Just for the record, i run an electric pump, ignition controlled in the engine bay, then a filter king regulator, and have made a blanking plate for the mechanical pump. The pump is a Facet, run it like this for about 12 years never had a problem.
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FULVIA 1600HF LUSSO
1958 VELOCETTE MAC
Triumph Bonneville t120v 1972
1968 MGC ROADSTER
1958 Series 2 Appia berlina
chriswgawne
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« Reply #282 on: 02 April, 2020, 08:27:24 AM »

Each of our Aurelias has a Facet electric pump which I fitted at the time the vehicle restoration was near completion.
However, about 5 years ago I decided to retro fit rebuilt OE FISPA mechanical pumps.
The reasons? I had a 3 year old Facet pump fail  on a 4 day European Rally where my 'spares package' in the boot contained  a spare Facet pump to get us quickly on our way. Then later that summer, I had a dynamo issue on a trip in a B20 back home to the Veneto from Basle when it was overcast and raining. Lots of tunnels so lights as well and then the dynamo seemed to start playing up. The weather brightened once we were past Brescia so the wipers could go off but daytime lights are mandatory in Italy so it was a nailbiting last 150km. All ok but it made me rethink the electric  fuel pump issue.
The other small but significant thing which happened around that time was that I found a source for the rubberised pump  membrane material so I could make new diaphragms for the pumps I had on the shelf.
I leave the Facet pumps on the cars  but they are switched and just used for starting after a long period of idleness.
Chris
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Chris Gawne
Mobile: 07778 216552
Jaydub
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« Reply #283 on: 02 April, 2020, 10:29:40 AM »

Loving the painting of the legendary Jim Clark! Tidy looking garage Norm. Good work so far.
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1600 HF. S2.
nthomas1
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« Reply #284 on: 09 April, 2020, 06:52:10 PM »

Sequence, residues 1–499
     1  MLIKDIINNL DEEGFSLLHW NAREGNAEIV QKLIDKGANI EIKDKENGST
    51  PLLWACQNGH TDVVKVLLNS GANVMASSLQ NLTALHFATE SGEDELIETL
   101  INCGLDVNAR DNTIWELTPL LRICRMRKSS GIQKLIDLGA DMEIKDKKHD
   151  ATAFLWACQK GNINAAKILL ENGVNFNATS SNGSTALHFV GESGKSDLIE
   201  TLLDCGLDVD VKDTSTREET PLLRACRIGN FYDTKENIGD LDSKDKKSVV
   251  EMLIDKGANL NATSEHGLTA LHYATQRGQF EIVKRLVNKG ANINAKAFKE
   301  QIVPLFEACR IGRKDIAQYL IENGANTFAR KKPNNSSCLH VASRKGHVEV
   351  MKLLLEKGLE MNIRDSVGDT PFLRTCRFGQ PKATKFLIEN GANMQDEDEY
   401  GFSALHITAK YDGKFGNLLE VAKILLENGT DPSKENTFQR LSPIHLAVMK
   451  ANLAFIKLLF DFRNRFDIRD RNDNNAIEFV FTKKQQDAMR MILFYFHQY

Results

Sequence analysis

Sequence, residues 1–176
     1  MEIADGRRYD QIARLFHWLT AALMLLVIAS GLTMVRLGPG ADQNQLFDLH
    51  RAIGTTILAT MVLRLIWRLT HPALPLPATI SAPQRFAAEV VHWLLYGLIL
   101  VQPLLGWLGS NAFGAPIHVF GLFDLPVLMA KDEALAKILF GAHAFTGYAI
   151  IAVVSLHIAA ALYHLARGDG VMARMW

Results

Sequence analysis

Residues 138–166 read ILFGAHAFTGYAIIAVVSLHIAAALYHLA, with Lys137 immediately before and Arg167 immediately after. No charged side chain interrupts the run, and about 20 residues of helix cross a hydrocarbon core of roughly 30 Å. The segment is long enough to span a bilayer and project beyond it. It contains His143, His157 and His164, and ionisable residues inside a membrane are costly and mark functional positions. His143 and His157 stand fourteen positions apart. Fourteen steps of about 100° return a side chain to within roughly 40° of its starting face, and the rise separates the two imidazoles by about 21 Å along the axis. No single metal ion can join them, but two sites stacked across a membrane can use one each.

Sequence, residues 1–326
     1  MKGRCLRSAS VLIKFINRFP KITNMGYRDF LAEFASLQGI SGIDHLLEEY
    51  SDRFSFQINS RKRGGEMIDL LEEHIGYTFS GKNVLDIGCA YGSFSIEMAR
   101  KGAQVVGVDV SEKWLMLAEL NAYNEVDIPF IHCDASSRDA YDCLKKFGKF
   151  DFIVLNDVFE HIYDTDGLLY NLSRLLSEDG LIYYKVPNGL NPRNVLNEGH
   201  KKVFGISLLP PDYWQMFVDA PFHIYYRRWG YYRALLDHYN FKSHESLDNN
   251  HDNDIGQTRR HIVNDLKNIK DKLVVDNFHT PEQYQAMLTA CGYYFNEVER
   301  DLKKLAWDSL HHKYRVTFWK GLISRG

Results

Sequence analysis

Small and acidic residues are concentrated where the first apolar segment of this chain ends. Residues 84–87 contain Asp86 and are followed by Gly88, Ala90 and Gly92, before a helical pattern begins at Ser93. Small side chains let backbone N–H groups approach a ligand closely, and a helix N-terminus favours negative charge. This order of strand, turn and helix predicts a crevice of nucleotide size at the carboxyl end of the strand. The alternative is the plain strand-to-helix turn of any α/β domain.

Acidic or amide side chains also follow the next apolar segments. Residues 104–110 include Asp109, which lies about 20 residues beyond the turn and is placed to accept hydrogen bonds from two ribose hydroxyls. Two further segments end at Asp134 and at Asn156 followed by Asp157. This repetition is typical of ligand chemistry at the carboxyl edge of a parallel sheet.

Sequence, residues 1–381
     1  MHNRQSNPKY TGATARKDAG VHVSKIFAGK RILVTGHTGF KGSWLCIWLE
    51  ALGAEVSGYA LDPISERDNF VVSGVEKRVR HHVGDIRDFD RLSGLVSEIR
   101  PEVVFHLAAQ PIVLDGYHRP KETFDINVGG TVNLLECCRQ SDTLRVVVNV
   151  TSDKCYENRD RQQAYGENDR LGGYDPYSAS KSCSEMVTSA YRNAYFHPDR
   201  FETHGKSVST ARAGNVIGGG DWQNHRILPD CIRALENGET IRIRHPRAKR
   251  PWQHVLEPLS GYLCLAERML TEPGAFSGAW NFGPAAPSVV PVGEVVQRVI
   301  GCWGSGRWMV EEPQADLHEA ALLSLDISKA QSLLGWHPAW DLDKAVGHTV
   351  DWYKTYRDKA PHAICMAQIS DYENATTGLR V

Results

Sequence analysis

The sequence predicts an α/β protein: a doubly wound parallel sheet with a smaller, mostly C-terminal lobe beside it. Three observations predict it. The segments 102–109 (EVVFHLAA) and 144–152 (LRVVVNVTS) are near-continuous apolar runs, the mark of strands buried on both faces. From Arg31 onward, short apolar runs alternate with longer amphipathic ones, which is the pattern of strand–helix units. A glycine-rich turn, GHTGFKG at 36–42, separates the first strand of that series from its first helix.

Thanks for the input Roger and Chris.  Glad you like the Jim Clark print Jay!

Today I started the job Iíve been putting off for some considerable time.  If youíve been following this thread youíll recall that I started fitting a new headliner about 6 months ago.  Having got the rods and headliner in preliminary position I held off gluing it in place, partly because the weather had turned cold, and partly because I was uneasy about how best to do the stretching of the fabric!

I decided to wait until the spring and see if I could get a local trimmer to take a look at it, but with the Covid 19 situation thatís not possible, and I really want to be able to get on and get the glass back in, so Iíve decided to press ahead on my own.

Today I fixed each of the 4 sides of the roof in turn, starting with the front, then rear, and then the two sides.   I marked the fabric with pencil lines to indicate where to apply the glue.  I used masking tape on the windscreen aperture, but decided it wasnít really necessary, so just used pencil marks for the rest.   I decanted a small amount of the Alpha AF178 contact adhesive into a jar, and used a narrow brush, about 10mm wide to apply it to both surfaces, being careful to ensure no strings of glue trailing from the brush. Then left it to get touch dry. Iíd hoped the adhesive would allow some repositioning time but that wasnít the case.  Once contact was made there was no budging it, so I had to be very careful.

After pressing the fabric into place I secured it with bulldog clips until dry and then cut off the surplus material.

Tomorrow Iíll tackle the difficult part which is the four corners.  The front two, above the A pillars should be the least difficult.  Itís the rear corners, above the C pillars, that will be hardest as thereís more surplus material there!




* c - IMG_5275.JPG (462.39 KB, 1843x987 - viewed 60 times.)

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Norm Thomas
Ormskirk, Lancashire

Own:
1973 Fulvia S2 Coupe
Various modern cars
Previous Lancias: S2 Coupe and S3 Coupe in late 1970s